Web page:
+---------+---------+-------+
3 rows in set (0.00 sec)

Because of GROUP BY in initial data only slowdown was noted.
[7 Sep 2006 14:51] Bugs System
A patch for this bug has been committed. After review, it may
be pushed to the relevant source trees for release in the next
version. You can access the patch from:

  http://lists.mysql.com/commits/11548

ChangeSet@1.2248, 2006-09-07 18:51:00+04:00, kroki@moonlight.intranet +3 -0
  BUG#20492: Subsequent calls to stored procedure yield incorrect result
             if join is used
  
  For procedures with selects that use complicated joins with ON expression
  re-execution could erroneously ignore this ON expression, giving
  incorrect result.
  
  The problem was that optimized ON expression wasn't saved for
  re-execution.  The solution is to properly save it.
[7 Mar 2007 15:51] Konstantin Osipov
Investigated the opportunity to simplify this code.
Failed to come up with a way.
This patch is approved.
[8 Mar 2007 15:39] Tomash Brechko
Queued to 5.0-runtime and 5.1-runtime.
[10 Mar 2007 1:47] Kevin Regan
We are being bitten by the same bug.  I've included a test case below similar to what we are doing.

DROP TABLE IF EXISTS my_foo;
DROP TABLE IF EXISTS my_bar;

CREATE TABLE my_foo
(
    uid INTEGER UNSIGNED PRIMARY KEY
) Engine=InnoDB;

CREATE TABLE my_bar
(
    uid INTEGER UNSIGNED PRIMARY KEY,
    other INTEGER UNSIGNED
) Engine=InnoDB;

INSERT INTO my_foo VALUES (1), (2);
INSERT INTO my_bar VALUES (1, 1), (2, NULL);

SELECT b.uid, f.uid
FROM my_bar b
LEFT JOIN my_foo f
ON b.other = f.uid
WHERE b.uid = 1;

SELECT b.uid, f.uid
FROM my_bar b
LEFT JOIN my_foo f
ON b.other = f.uid
WHERE b.uid = 2;

DROP PROCEDURE IF EXISTS my_procedure;

DELIMITER //

CREATE PROCEDURE my_procedure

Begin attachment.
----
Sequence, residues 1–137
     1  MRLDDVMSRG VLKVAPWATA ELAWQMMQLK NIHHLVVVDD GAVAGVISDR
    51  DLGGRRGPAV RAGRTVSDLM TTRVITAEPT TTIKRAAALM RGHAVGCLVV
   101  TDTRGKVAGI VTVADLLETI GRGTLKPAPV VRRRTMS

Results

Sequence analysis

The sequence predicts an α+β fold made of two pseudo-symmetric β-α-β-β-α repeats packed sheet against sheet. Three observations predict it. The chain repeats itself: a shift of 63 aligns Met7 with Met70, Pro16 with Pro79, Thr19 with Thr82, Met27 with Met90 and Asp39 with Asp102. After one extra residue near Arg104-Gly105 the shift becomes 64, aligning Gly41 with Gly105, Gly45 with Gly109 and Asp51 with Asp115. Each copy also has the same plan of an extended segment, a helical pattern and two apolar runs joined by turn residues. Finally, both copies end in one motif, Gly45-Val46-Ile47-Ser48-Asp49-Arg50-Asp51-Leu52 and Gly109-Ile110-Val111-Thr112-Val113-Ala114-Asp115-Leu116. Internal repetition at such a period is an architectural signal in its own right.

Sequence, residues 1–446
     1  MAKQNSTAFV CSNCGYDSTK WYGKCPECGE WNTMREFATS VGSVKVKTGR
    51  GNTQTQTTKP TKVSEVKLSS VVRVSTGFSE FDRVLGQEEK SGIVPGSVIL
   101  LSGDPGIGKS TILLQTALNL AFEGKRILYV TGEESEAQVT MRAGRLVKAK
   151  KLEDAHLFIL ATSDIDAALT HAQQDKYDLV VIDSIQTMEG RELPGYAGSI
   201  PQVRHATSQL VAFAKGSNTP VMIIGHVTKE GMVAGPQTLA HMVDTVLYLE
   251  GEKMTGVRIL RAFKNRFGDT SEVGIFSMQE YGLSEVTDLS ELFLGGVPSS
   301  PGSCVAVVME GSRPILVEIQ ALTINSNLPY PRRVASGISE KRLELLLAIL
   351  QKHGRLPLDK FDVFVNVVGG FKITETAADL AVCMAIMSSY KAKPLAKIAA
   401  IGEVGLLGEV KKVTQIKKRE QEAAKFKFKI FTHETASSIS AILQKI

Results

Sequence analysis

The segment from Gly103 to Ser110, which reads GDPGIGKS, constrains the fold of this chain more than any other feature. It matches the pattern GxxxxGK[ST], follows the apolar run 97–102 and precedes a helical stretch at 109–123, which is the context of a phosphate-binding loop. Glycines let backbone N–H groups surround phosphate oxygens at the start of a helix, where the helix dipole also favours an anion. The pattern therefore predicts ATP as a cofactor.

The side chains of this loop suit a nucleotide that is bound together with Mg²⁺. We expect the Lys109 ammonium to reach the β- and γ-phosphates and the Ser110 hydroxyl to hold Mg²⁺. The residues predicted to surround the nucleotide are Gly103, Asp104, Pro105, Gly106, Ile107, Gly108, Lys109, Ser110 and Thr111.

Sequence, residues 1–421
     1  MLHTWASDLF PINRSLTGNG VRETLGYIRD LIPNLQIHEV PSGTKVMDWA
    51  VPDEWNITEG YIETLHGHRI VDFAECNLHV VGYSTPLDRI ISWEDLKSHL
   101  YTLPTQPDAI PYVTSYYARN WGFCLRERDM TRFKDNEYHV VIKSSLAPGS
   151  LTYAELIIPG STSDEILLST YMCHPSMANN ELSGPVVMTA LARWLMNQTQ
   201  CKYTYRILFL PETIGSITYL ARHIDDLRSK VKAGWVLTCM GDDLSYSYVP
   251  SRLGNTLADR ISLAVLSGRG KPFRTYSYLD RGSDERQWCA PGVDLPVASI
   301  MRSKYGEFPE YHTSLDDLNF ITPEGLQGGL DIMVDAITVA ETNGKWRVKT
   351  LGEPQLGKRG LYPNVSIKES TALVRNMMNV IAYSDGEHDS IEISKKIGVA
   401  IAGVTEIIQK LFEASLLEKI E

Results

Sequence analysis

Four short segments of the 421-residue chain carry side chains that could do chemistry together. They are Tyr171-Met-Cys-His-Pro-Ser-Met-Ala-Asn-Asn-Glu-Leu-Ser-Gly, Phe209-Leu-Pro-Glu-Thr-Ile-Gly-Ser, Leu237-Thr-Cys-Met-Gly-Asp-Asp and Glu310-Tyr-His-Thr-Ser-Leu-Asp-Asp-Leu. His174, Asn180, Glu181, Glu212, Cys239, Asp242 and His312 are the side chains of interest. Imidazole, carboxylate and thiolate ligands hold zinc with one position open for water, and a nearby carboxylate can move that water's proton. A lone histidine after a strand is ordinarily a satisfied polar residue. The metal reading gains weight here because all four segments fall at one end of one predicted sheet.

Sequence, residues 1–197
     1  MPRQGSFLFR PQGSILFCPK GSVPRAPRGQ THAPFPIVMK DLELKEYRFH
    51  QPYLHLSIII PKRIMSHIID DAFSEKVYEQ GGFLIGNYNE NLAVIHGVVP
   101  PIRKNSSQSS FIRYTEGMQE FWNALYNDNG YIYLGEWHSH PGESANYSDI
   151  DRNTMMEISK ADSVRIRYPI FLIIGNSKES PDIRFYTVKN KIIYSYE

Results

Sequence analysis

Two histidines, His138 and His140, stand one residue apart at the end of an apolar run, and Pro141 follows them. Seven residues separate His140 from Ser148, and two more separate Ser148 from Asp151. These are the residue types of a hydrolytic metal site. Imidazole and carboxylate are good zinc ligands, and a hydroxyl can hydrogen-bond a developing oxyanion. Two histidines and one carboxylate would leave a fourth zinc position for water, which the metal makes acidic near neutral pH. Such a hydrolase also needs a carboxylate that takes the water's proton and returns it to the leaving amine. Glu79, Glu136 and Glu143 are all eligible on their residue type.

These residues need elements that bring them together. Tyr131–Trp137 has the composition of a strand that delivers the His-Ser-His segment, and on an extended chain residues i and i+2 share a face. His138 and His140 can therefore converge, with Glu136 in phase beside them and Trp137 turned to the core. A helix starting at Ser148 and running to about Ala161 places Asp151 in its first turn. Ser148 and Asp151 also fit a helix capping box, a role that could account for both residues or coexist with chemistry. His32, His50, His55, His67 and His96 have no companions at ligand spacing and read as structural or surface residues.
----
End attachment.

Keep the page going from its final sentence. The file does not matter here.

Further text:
(i_uid INTEGER UNSIGNED)
BEGIN
    SELECT b.uid, f.uid
    FROM my_bar b
    LEFT JOIN my_foo f
    ON b.other = f.uid
    WHERE b.uid = i_uid;
END//

DELIMITER ;

CALL my_procedure(1);

CALL my_procedure(2);

CALL my_procedure(1);

SELECT b.uid, f.value
FROM my_bar b
LEFT JOIN my_foo f
ON b.other = f.uid
WHERE b.uid = 1;
[12 Mar 2007 21:08] Kevin Regan
I've tested the patch that is associated with this bug and it did not seem to fix the problem that I was seeing.  If you take a look at my example, calling:

call my_procedure(1);
call my_procedure(2);
call my_procedure(1);

shows the problem.  I may have applied the patch incorrect, but I don't think this is the problem.

Can you try my test data with your patch?

Thanks,
Kevin
[12 Mar 2007 21:20] Tomash Brechko
Hello Kevin,

Thanks for the test case, we will certainly look into it.
[13 Mar 2007 19:07] Tomash Brechko
Hello Kevin,

I ran you test case, and here's what I get:

mysql> CALL my_procedure(1);
+-----+-----+
| uid | uid |
+-----+-----+
|   1 |   1 |
+-----+-----+

mysql> CALL my_procedure(2);
+-----+------+
| uid | uid  |
+-----+------+
|   2 | NULL |
+-----+------+

mysql> CALL my_procedure(1);
+-----+-----+
| uid | uid |
+-----+-----+
|   1 |   1 |
+-----+-----+

Could you please describe in what way these results are wrong, and what do you expect them to be?  But if you do get different results, then perhaps the patch was applied incorrectly, or you hit another bug that was also fixed then (I'm not sure what version you are using, I'm using current BK tree, it may not be the same as your version + patch).  In any case, I think I can't repeat your problem.

Thanks!
[13 Mar 2007 20:17] Kevin Regan
Hi,

I am using 5.0.22 with the patch.  Given your results, I'm convinced that you are correct (either I applied the patch incorrectly or something else got fixed between 5.0.22 and 5.0.32).  I've included the output that I am seeing.  However, at this point I'm going to see if I can upgrade to the latest MySQL and apply the patch (that should solve my problem).

Thanks!
Kevin

p.s.  My output:

mysql> CALL my_procedure(1);
+-----+-----+
| uid | uid |
+-----+-----+
|   1 |   1 |
+-----+-----+

mysql> CALL my_procedure(2);
+-----+------+
| uid | uid  |
+-----+------+
|   2 | NULL |
+-----+------+

mysql> CALL my_procedure(1);
+-----+------+
| uid | uid  |
+-----+------+
|   1 | NULL |
+-----+------+
[22 Mar 2007 21:22] Konstantin Osipov
Fixed in 5.0.40 and in 5.1.17
[4 Apr 2007 3:57] Paul Dubois
Noted in 5.0.40, 5.1.17 changelogs.

For a stored procedure containing a SELECT statement that used a
complicated join with an ON expression, the expression could be
ignored during re-execution of the procedure, yielding an incorrect
result.
[5 Apr 2007 4:45] Igor Babaev
The patch also fixes the problem reported as bug #27388.